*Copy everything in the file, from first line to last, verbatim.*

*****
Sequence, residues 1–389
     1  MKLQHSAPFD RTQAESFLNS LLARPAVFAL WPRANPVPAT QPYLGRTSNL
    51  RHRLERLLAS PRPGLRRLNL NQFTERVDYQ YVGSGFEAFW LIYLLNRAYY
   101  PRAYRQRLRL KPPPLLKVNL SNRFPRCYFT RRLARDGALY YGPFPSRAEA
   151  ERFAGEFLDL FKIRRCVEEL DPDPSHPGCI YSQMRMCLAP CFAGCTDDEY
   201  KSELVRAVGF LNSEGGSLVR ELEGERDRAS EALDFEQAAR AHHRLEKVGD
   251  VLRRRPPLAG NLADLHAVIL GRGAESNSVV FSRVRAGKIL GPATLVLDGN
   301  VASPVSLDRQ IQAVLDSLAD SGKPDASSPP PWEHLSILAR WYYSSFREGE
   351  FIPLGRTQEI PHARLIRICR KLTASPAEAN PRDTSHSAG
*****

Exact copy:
Sequence, residues 1–389
     1  MKLQHSAPFD RTQAESFLNS LLARPAVFAL WPRANPVPAT QPYLGRTSNL
    51  RHRLERLLAS PRPGLRRLNL NQFTERVDYQ YVGSGFEAFW LIYLLNRAYY
   101  PRAYRQRLRL KPPPLLKVNL SNRFPRCYFT RRLARDGALY YGPFPSRAEA
   151  ERFAGEFLDL FKIRRCVEEL DPDPSHPGCI YSQMRMCLAP CFAGCTDDEY
   201  KSELVRAVGF LNSEGGSLVR ELEGERDRAS EALDFEQAAR AHHRLEKVGD
   251  VLRRRPPLAG NLADLHAVIL GRGAESNSVV FSRVRAGKIL GPATLVLDGN
   301  VASPVSLDRQ IQAVLDSLAD SGKPDASSPP PWEHLSILAR WYYSSFREGE
   351  FIPLGRTQEI PHARLIRICR KLTASPAEAN PRDTSHSAG